Pauli'nus, C. Sueto'nius
is first mentioned in the reign of the emperor Claudius, A. D. 42, in which year he was propraetor in Mauritania ; he conquered the Moors who had revolted, and advanced as far as Mount Atlas (D. C. 60.9
; Plin. Nat. 5.1
In the reign of Nero, A. D. 59, Paulinus was appointed to the command of Britain. For the first two years all his undertakings were successful; he subdued several nations, and erected forts in various parts of the country; but when at length in A. D. 61 he crossed over to Mona (Anglesey), which was the great strong-hold of the Britons who still resisted the Roman arms, the other Britons took advantage of his absence to rise in open rebellion, and led on by Boadicea, the heroic queen of the Iceni, they captured the Roman colony or Camalodunum and defeated Petilius Cerealis, the legate of the ninth legion.
The return of Paulinus, however, soon changed matters; and he at length finally defeated Boadicea with great slaughter, though not till Londinium and Verulamium had also fallen into the hands of the Britons. For further details see BOADICEA. He returned to Rome in the following year, and was succeeded by Petronius Turpilianus. (Tac. Ann. 14.29
5, 14.--16 ; D. C. 62.1
; Suet. Nero 39
In A. D. 66 Sentonius Paulinus was consul with C. Lucius Telesinus (Tac. Ann. 16.14
; D. C. 63.1
.) Paulinus was now looked upon as one of the first generals of the time, and while in Britain he was regarded by the people as the rival of Corbulo in military glory. His services were accordingly called into exercise in the civil wars which followed Nero's death.
He was one of Otho's generals and chief military advisers, although he was not able to overcome the intrigues and influence of Licinius Proculus, in whom Otho placed most reliance. The German legions, who had proclaimed Vitellius, were advancing into Italy, and Otho set out to meet them in the spring of A. D. 69, taking with him Paulinus and other generals of experience.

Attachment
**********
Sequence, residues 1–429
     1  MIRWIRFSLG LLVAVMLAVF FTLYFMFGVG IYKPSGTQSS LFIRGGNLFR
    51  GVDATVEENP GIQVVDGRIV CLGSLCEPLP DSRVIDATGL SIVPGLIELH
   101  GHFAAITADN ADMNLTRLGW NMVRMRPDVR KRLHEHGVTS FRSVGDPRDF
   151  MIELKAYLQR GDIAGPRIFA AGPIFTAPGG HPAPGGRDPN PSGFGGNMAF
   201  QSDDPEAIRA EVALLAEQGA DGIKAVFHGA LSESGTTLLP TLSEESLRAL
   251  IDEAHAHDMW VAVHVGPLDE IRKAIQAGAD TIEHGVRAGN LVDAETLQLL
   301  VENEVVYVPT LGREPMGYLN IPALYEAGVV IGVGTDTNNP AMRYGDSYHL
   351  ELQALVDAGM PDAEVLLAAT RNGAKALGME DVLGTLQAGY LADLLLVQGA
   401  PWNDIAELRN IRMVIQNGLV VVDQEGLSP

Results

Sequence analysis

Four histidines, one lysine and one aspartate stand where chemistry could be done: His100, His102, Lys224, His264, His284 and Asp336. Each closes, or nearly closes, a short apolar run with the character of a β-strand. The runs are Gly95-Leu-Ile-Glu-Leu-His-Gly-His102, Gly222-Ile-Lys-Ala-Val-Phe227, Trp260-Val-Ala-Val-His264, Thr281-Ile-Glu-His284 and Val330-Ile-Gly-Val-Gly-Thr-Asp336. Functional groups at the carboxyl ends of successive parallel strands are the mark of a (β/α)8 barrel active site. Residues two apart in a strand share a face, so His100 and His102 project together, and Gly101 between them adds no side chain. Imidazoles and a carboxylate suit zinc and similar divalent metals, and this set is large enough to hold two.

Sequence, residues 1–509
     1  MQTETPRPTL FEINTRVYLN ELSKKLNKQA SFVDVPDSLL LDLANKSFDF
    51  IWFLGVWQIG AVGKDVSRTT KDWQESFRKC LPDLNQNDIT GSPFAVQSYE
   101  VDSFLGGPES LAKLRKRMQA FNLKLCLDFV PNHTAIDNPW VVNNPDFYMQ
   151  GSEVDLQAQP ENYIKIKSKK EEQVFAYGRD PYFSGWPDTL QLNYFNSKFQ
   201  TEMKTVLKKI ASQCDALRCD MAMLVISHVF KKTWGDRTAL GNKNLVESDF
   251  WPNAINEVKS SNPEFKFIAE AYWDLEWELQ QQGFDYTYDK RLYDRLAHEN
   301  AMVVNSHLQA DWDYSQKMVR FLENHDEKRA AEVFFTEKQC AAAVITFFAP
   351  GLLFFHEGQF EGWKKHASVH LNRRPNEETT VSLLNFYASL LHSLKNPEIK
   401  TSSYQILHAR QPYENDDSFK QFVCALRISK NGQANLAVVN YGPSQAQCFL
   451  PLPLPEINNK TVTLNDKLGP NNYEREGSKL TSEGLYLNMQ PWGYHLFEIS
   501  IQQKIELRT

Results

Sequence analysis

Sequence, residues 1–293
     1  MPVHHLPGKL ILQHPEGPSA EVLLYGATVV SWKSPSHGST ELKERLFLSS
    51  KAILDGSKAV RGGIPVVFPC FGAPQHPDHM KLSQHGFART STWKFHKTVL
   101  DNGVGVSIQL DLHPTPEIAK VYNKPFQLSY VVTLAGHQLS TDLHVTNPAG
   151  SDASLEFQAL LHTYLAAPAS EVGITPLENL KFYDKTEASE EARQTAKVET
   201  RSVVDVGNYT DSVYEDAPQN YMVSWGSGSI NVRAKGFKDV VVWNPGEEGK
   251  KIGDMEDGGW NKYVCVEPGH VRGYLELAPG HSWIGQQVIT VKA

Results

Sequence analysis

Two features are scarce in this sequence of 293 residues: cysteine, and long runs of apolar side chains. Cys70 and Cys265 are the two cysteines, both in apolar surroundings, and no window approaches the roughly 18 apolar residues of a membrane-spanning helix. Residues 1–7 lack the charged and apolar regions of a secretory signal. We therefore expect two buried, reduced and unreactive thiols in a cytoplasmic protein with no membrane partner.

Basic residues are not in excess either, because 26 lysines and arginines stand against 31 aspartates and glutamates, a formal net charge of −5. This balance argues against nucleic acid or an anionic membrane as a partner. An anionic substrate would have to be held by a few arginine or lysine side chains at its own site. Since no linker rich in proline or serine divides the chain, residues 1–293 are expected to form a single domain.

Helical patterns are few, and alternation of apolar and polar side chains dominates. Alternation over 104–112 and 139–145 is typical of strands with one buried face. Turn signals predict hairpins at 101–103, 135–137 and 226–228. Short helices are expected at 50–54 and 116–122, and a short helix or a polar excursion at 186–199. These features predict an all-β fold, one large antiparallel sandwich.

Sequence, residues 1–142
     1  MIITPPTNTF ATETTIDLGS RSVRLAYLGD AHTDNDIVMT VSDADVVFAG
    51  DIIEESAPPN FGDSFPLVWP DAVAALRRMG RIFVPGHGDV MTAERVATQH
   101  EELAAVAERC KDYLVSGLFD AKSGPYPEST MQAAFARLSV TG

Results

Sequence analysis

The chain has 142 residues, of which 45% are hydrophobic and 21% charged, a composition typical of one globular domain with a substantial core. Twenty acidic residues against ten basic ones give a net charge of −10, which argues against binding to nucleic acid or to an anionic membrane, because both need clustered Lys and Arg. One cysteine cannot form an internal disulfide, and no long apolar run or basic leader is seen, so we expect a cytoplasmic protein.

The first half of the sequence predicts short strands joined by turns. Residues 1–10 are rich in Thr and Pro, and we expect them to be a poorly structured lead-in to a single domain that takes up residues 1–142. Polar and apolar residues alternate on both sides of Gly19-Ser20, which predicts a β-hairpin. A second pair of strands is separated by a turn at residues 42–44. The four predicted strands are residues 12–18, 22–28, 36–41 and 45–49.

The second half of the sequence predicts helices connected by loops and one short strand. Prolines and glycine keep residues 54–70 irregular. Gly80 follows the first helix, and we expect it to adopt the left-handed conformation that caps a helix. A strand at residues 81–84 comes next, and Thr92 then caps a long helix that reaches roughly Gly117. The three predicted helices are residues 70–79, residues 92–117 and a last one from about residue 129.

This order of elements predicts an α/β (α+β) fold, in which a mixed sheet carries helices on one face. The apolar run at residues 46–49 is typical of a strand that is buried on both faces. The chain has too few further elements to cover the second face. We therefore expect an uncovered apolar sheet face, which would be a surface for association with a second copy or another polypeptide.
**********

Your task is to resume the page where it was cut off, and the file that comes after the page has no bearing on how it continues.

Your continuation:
The plain of the Po was the field of operation; an account of which is given under OTHO, p. 67.
As far as respects Paulinus, it is only necessary to mention here, that he and Marius Celsus defeated Caecina, one of the Vitellian generals, near Cremona; but as Paulinus would not allow his men to follow up their advantage, he was accused of treachery by his troops, though his conduct was probably the result of prudence. When Valens, the other general of Vitellius, had joined his forces to those of Caecina, Paulinus strongly recommended Otho not to risk a battle; but his advice was overruled, and the result was the defeat at Bedriacum, and the ruin of Otho's cause.
After the battle Paulinus did not venture to return to his own camp.
He fell into the hands of Vitellius, and obtained his pardon by pleading, says Tacitus, "the necessary but not honourable excuse," that the defeat of Otho's army was owing to his treachery; for which selfaccusation, however, there was certainly no foundation.
This is the last time that the name of Suetonius Paulinus occurs. (Tac. Hist. 1.87